November 2, 2012
From the group of Harlan Lefevre
At Seattle’s Living Computer Museum which opened in October, one of the oldest exhibits at the is a PDP-7 made by Digital Equipment Corporation. Designed in the mid-1960s, it is believed to be the only working model of this machine in the world. The computer operated in Harlan Lefevre’s lab for many years.
September 9, 2012
From the group of Dean Livelybrooks
The Oregon Department of Education recently awarded $450,000 to the University of Oregon and the Eugene School District to improve high school and middle school students’ performance in science, technology, engineering and mathematics. The partnership between the Eugene School Disctrict and University of Oregon, as well as industry, is co-directed by Dean Livelybrooks, senior instructor at the Department of Physics.
- “UO boosts high school STEM studies with state grant” – UO News
- “Real-World Lessons: A grant will help educators bring science and technology to life” – Register-Guard
July 9, 2012
From the group of Jim Brau
Physicists on experiments at the Large Hadron Collider say that they have observed a new particle, but they remain uncertain that it is the predicted Higgs boson.
The UO’s contingent at the ATLAS experiment comes from the Center for High Energy Physics, which is headed by Brau. Other involved faculty members are David Strom, who currently is the ATLAS trigger coordinator, Ray Frey and Eric Torrence.
- “University of Oregon physicists help discover elusive particle” – Oregon Live
- “New boson has the heaviest mass ever seen, says UO physicist” – UO Media Relations
February 28, 2012
From the group of John Toner
Neither births nor deaths stop the flocking of organisms. They just keep moving, says theoretical physicist John J. Toner of the University of Oregon.
January 17, 2012
From the group of Steve Hsu
An interview with Steve Hsu explores the role of IQ in physics and other fields.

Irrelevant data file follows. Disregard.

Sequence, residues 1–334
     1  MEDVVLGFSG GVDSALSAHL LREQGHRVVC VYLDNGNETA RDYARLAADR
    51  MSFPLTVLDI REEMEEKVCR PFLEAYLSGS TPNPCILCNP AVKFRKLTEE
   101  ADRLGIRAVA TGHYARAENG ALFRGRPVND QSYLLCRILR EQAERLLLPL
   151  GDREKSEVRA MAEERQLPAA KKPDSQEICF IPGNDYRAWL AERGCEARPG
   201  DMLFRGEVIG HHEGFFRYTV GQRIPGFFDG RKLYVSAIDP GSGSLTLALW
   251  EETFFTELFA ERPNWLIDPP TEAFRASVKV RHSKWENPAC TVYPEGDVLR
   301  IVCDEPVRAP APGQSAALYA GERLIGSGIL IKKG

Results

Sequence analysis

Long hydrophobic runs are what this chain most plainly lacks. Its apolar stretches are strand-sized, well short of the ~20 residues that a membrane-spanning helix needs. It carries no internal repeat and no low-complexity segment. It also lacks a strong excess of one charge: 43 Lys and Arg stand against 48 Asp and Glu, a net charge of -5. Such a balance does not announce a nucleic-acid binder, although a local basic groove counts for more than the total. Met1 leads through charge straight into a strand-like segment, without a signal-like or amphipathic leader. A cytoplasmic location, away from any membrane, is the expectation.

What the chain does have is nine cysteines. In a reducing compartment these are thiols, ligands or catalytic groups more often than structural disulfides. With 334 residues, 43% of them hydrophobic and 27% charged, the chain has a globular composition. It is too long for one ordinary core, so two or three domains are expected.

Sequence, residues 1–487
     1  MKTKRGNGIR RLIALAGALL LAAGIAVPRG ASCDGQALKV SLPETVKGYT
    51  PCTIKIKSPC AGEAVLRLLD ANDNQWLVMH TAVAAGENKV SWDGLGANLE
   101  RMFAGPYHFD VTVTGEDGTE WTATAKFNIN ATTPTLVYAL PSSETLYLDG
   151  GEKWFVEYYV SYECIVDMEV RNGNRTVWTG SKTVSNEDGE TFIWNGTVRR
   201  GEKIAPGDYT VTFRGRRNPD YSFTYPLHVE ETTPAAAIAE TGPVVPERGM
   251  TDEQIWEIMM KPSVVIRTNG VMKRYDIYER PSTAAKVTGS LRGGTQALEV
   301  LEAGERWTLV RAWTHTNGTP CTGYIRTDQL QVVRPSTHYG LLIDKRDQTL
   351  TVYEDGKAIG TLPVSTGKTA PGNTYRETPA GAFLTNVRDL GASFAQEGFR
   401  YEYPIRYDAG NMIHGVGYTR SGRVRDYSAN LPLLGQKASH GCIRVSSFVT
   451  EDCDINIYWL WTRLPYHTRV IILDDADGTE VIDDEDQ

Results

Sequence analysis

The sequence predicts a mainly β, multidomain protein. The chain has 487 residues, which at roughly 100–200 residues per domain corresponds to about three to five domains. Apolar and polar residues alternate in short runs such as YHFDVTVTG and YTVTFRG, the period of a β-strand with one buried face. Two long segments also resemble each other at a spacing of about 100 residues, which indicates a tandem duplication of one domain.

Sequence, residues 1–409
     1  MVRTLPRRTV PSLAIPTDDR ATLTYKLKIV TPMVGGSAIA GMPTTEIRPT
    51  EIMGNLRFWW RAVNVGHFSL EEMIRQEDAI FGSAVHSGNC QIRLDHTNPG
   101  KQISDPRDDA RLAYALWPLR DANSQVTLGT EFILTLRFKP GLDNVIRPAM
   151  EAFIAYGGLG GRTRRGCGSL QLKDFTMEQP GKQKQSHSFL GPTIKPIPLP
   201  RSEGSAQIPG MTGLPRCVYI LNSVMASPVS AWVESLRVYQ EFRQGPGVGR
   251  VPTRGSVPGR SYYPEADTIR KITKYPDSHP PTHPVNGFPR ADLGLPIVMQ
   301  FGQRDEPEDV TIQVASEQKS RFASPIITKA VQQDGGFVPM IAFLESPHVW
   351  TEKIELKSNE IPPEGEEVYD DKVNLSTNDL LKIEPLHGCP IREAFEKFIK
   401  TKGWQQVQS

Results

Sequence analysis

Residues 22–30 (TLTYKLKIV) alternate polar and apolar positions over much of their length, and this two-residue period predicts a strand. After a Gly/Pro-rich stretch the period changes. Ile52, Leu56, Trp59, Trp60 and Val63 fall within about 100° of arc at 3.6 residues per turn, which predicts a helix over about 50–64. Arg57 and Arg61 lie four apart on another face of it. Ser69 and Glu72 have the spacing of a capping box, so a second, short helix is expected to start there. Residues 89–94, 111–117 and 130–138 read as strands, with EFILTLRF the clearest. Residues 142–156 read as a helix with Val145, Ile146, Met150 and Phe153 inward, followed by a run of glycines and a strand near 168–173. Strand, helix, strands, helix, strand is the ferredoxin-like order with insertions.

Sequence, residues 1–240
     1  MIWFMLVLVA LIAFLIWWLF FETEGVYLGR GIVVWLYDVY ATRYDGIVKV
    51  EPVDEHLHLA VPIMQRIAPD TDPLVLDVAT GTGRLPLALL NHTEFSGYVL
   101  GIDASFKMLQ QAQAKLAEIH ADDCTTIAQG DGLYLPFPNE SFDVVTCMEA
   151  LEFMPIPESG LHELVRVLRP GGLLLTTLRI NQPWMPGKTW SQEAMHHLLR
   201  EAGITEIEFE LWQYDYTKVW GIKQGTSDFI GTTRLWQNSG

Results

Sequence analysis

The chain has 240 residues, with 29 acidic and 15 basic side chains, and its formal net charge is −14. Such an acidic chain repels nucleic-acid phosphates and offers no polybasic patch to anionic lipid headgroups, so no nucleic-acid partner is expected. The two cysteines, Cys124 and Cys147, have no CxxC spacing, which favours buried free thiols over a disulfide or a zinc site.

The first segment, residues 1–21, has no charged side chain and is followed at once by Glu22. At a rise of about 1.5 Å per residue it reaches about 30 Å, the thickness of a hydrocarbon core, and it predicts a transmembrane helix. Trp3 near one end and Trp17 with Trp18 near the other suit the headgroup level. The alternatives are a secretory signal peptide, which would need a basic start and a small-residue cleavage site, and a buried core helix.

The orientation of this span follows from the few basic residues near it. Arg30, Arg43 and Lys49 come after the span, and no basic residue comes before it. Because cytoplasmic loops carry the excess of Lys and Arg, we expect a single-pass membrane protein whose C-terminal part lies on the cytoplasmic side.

- Blog: Finding the Next Einstein at Psychology Today
March 31, 2011
From the group of Jim Brau
Eight hundred turned out at UO on March 22, 2011 for the first physics slam in North America. The slam was hosted in concert with the American Linear Collider Physics Group Workshop ( ALCPG11) held at UO. The overflow crowd filled Columbia 150 and Pacific 123 to hear five physicists from around the world compete with their explanations of dark matter, extra dimensions, neutrinos and astrophysics, particle detectors, and superconducting cavities for particle acceleration. The event was recorded by various news media:
- ILC Newsline
- Register Guard
- Eugene Weekly
- ALCPG11 particle slam page
- facebook page
- A recording will appear soon on the ILC YouTube page
March 2, 2011
From the group of Richard Taylor
The BBC is filming a three-part series called “The Code” hosted by Marcus du Sautoy, a professor of mathematics at Oxford. The program is about the structural systems that determine the form of everything from beehives and bubbles to music, computer animation and the weather. Richard Taylor was featured to explain how the mathematical “code” behind one of Pollock’s drip paintings was unique enough to expose counterfeits. In the picture, Richard Taylor and Marcus du Sautoy discuss the physics behind the fractal “code” found in nature and in Pollock’s poured paintings, while Rick Montgomery operates the Pollockizer, a driven pendulum whose paint-filled bob splatters paint in patterns reminiscent of Jackson Pollock.